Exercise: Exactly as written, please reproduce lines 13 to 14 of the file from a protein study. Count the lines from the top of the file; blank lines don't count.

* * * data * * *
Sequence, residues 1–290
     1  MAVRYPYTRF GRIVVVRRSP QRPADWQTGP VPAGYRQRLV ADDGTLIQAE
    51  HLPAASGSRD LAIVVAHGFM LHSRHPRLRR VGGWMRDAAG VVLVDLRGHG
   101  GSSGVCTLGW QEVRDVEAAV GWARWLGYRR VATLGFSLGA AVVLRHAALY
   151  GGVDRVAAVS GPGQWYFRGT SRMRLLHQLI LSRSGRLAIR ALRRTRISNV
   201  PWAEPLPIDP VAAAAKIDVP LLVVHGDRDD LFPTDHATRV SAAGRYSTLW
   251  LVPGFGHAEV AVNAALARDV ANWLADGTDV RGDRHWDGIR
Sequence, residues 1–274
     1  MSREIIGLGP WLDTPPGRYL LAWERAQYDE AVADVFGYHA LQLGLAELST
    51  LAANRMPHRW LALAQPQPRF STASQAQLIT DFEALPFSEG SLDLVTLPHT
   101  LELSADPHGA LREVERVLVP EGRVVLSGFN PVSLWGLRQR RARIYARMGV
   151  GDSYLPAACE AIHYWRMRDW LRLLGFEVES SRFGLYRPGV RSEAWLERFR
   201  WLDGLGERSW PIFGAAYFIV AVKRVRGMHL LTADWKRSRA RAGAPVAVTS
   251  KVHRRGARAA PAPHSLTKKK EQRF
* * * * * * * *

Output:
   201  WLDGLGERSW PIFGAAYFIV AVKRVRGMHL LTADWKRSRA RAGAPVAVTS
   251  KVHRRGARAA PAPHSLTKKK EQRF